Friends, Treatment and The Unknown

Thanksgiving was over, JoDee was home. Now what? I mean, I had literally tried everything. Detox, home detox, baby sitting her, rehab and she continues down this ridiculous road to self-harm. There was no amount of near-death experiences, or threatening, or consequences was going to make JoDee aware that, A) she had a lot to live for and B) she was really playing with fire. Or for me realize that I can’t want it more than her.

The first night she was home, she didn’t even make it to her bed room. She collapsed on the couch, face down, in dirty, smelly clothes, shoes on, knocked out. I stood in the door way of the living room, watching her as the moon light made her hair look a strange hue of blue instead of black. It cast this strange shadow that gave a hallo-like reflection above her head. She was an angel, except that now she wasn’t. Now she was not the girl I used to know so I had to stop treating her like she was. I wanted her to be, but I also wanted to be independently wealthy, and wanting something doesn’t mean you get it. I feel like the discovery of your child being a heroin addict (and probably any kind of addict) is similar to the stages of grief when someone dies. Denial, Anger, Bargaining, Depression and Acceptance. I have gone through all those stages. And sometimes I go back to them- I was a long way from acceptance. As JoDee would relapse, run away, lie, I would vacillate between Denial, Anger and Depression. I learned very early that bargaining was worthless, not that any of the others were better, but I guess I was quick learner that there was no miracle going to happen. And in theory, it’s the 5 stages of Mourning. I was definitely mourning the loss of my daughter. But not just my daughter in the current, but my daughter of the future.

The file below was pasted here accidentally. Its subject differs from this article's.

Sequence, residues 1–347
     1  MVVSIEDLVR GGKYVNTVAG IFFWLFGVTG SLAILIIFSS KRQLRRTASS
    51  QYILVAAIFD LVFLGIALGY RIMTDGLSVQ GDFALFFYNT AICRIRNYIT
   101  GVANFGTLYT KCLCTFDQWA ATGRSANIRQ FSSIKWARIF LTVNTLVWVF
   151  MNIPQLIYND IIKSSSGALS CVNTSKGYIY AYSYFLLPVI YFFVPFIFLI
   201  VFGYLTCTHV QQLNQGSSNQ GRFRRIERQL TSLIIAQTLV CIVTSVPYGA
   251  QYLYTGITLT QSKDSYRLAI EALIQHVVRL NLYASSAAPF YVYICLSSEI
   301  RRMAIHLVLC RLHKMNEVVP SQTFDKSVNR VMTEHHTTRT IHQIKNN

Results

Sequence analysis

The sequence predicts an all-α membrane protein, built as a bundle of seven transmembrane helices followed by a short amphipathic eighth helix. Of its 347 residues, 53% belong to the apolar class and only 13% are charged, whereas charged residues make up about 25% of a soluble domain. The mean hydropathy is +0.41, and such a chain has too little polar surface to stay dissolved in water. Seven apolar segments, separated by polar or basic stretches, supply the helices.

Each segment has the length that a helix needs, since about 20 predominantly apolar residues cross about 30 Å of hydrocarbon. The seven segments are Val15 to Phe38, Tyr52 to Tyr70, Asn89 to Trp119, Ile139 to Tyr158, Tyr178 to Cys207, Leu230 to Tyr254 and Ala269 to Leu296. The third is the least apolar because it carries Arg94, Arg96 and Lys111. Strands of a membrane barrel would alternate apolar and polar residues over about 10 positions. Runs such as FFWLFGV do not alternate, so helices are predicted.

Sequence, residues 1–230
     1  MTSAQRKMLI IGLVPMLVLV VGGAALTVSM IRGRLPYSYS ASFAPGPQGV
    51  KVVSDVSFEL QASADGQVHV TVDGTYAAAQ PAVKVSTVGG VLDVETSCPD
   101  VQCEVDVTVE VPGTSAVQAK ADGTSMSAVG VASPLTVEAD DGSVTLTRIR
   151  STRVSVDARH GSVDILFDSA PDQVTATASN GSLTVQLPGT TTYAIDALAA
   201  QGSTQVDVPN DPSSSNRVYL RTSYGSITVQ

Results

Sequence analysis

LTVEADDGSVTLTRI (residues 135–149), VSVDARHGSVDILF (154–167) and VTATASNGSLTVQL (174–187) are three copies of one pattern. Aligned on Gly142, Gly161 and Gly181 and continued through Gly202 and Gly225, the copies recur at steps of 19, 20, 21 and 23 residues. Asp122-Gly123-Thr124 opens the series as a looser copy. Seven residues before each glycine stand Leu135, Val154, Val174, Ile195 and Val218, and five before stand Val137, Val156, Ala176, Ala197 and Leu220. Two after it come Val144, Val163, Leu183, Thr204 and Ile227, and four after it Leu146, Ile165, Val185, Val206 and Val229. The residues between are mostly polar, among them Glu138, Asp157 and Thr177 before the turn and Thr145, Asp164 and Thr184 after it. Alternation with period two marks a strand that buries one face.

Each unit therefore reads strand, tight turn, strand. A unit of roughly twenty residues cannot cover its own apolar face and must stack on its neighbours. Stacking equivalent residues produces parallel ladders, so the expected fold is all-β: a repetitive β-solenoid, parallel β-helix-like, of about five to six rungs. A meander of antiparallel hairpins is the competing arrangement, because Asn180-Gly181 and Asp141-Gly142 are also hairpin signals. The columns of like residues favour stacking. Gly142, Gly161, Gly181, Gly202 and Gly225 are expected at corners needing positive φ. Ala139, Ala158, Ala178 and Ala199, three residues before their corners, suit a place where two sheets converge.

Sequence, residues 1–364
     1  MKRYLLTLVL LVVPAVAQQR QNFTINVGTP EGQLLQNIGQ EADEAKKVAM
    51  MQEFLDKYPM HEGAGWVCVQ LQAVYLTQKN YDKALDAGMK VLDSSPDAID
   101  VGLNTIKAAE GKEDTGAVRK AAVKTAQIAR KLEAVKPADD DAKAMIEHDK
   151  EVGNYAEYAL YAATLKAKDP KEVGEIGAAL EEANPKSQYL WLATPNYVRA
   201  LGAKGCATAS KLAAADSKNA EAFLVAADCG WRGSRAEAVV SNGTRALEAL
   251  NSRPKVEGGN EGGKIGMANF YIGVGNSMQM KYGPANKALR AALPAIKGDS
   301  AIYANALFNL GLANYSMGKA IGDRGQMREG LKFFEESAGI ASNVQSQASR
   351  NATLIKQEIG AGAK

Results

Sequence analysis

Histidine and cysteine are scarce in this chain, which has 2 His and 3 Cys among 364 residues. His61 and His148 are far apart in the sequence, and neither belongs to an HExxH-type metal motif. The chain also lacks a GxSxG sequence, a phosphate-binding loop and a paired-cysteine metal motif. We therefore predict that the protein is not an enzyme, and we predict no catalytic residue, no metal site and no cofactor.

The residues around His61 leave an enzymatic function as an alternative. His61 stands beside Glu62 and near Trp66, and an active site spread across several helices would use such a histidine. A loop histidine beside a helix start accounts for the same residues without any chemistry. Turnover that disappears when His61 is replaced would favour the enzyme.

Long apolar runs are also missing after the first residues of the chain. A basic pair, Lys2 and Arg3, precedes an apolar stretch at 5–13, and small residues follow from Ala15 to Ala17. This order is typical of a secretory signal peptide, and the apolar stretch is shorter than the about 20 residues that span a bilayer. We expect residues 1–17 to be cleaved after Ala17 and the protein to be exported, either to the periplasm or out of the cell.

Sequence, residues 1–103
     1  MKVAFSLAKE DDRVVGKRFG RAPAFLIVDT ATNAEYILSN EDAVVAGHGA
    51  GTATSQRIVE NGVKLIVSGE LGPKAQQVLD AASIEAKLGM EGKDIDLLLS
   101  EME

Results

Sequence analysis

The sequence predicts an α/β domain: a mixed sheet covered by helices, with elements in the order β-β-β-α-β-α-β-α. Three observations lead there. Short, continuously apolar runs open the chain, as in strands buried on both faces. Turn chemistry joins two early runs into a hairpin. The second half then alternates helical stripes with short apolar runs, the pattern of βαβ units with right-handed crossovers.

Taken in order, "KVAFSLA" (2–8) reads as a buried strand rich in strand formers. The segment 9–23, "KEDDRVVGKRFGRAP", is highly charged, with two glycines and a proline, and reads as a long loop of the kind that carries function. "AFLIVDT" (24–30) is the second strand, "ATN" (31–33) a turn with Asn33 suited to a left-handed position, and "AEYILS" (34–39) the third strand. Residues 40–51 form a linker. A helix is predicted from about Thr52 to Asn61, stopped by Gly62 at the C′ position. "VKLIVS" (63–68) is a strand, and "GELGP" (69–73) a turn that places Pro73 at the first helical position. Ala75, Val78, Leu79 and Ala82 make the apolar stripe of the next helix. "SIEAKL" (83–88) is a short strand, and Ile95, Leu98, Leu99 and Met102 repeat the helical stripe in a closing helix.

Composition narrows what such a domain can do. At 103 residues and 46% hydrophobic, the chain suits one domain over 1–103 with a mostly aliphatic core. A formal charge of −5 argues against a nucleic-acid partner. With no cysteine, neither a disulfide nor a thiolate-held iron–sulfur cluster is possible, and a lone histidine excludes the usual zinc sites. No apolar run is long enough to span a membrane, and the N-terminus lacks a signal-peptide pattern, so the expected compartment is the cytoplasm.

We all have an idea of what are kids are going to be. Of course, my daughter was going to go to college to do something she loved. She didn’t have to make a million dollars by 30, she just needed to take the time to love what she does, and take advantage of having a parent that supported whatever she wanted to do. Apparently that was taken out of context, I didn’t mean ANYTHING. Once her college career was going to the wayside, so did the rest of my “life” plans for her. I wanted her to be happy, find a life partner when she was ready, and have a family if she wanted, backpack across Europe if the spirit moved her. Anything besides wasting her life relapsing, recovering, relapsing and relapsing some more. It was also not just JoDee’s life I was  mourning, but my own. Even the things I enjoyed doing lost their appeal. I would go through the motions of life, but no one was really living. We were posers in our own lives. Actors in our own fiction. And if we are being completely honest it wasn’t a story line anyone really wanted to watch. Even with Despair at arm’s length, it didn’t keep me from being depressed. It was depressing to see JoDee’s brutalized face. Her circles were so dark it was obscene. She had picked her face with such ferocity, some of the scabs would periodically start bleeding without even being touched. She was so thin, so thin, and so clearly malnourished. And she was oddly paranoid, and suffering from strange pain in her face. I later learned from our physician that these are wonderful side effects of smoking, or otherwise consuming, crystal meth.   I mean, what do you even do when you hear that? Is there is a difference between a heroin addict and a crystal meth addict? Does it even matter? I guess I addiction is addiction, sort of like getting a shot, all hurt-some just hurt worse than others.